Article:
And I love it when after your friend's set you go to tell him good job and you really mean it and he promises to send you a link to the rough mixes of the album he's working on. And then you say to him, hey, you know that song lake marie by john prine? And before you can even finish telling him the new song they played reminded you of it, he's excitedly telling you that yes, yes, we listened to that song obsessively when we made the record! And you both get excited because despite your different lives that vary wildly and have only touched at a few points at gigs and over email you both love that song. And in that moment you remember how in love with life you felt when you heard that song for the first time, naked at someone exciting's house. And you almost ask your friend, hey, did an ex you don't miss but remember fondly introduce you to this song, too? But you don't, exactly, you just keep chuckling, then you hug and say goodbye.
And I love it when the guy working the door is outside smoking a cigarette when you're on your way to leave, so you get to tell him the thing you thought about saying throughout the three sets of the night - brother, I don't believe in prayer, but I do believe in the power of positive thought and I will be thinking kindly on you and your family this evening. It sounds too rehearsed but you hope the point gets across, he seems to appreciate you clapping your hand on his shoulder.
And then I really love it when you walk out in a heavy rain out to your car and the wurlitzer player from the last band sprints out of the front door of the venue saying wait, wait, wait. You turn toward him thinking that, hm, are we having some kind of romantic moment? Or did I simply drop my credit card at the bar? But no, he says there's something he's always wanted to tell you. Which is odd because right up until this moment you didn't think he knew who you were, but nevertheless he tells you that for the space of many years an LP with your face on it lived in his house and, during many acid trips, you became a sort of benevolent deity to the tripping. And then he tells you that there were many nights where he stared up at that image of you from over a decade ago and, given this encounter at the gig, he wanted to make sure you knew that. He thanks you and you have no choice but to say you're welcome. You're welcome, you say, and then you get back in the car and leave the gig, the rain louder than you remember it being.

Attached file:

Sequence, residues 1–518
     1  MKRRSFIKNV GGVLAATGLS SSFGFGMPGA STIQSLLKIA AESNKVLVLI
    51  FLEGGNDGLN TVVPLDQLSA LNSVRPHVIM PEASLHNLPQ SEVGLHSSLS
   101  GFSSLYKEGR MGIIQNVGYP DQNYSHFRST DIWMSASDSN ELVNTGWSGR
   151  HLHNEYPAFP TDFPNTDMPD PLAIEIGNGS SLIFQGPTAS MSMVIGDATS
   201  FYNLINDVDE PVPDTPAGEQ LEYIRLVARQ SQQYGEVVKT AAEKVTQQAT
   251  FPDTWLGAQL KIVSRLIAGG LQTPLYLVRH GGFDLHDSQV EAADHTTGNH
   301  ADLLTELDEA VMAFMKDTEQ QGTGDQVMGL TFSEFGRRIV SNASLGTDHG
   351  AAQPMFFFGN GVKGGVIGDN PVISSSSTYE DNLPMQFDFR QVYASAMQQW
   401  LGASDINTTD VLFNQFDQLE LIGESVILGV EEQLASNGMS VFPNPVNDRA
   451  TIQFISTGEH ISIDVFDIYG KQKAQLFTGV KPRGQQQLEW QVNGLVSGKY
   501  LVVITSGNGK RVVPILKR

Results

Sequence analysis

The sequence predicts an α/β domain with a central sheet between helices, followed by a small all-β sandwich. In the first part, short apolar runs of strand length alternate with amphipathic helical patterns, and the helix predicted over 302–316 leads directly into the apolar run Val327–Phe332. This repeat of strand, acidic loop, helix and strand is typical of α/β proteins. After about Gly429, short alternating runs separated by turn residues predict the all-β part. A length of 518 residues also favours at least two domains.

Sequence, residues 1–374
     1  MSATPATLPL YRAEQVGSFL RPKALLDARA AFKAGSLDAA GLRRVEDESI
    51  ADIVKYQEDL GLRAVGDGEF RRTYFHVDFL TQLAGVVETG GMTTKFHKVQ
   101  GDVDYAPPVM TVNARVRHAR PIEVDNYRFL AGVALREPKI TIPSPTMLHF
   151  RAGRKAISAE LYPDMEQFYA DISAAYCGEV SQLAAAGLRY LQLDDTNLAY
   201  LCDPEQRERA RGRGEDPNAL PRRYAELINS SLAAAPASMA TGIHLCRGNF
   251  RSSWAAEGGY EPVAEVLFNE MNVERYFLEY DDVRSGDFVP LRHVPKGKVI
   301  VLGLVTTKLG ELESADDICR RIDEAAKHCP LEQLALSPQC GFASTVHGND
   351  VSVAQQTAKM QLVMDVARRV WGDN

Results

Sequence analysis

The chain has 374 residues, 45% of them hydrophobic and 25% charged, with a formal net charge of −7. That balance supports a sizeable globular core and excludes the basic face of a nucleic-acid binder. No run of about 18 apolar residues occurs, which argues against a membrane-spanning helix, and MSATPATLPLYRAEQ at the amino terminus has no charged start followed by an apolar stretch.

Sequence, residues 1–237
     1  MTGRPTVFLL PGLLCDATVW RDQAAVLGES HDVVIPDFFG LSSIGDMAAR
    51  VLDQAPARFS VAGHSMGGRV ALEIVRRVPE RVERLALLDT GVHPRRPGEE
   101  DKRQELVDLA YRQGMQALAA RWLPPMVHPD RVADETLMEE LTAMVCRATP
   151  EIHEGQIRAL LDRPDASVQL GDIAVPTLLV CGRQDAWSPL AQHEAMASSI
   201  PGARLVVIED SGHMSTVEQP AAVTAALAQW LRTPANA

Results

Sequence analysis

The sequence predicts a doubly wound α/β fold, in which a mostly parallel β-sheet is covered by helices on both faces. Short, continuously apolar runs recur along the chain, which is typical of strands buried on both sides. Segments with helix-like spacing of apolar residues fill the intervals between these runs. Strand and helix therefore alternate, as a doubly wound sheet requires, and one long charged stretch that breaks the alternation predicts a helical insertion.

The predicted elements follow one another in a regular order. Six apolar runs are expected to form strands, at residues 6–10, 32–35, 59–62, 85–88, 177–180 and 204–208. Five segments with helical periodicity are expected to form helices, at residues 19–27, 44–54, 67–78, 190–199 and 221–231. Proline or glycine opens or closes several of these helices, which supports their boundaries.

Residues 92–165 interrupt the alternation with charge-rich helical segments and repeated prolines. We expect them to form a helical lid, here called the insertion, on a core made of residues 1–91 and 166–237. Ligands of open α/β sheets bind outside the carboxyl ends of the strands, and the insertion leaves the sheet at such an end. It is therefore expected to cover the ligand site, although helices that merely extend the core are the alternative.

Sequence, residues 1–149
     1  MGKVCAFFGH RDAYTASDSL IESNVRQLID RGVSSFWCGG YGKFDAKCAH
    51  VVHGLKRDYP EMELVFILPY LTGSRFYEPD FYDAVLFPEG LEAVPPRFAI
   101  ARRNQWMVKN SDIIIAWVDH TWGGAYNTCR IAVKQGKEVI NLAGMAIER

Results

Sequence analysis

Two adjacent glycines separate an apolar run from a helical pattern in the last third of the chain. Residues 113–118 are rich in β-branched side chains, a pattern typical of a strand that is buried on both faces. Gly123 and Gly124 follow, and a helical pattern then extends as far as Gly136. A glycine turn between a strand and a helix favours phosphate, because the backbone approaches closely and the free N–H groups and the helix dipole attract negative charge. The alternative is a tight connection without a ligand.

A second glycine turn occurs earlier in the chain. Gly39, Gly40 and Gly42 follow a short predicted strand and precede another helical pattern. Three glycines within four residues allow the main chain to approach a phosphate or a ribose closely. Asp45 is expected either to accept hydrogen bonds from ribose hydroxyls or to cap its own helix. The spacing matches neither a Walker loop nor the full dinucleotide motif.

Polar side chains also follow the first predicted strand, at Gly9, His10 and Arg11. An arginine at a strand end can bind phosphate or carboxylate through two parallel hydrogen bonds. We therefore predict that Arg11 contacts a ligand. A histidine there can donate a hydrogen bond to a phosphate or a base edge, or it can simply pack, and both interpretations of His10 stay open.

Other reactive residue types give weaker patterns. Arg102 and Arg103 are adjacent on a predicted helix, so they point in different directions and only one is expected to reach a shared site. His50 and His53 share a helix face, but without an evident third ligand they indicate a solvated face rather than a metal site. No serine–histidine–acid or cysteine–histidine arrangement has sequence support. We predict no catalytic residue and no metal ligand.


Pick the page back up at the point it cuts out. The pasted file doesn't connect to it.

But what about you? Are you taking the coward's route? Are you sitting in the stream of the amps? Are you unknowingly someone's acid deity?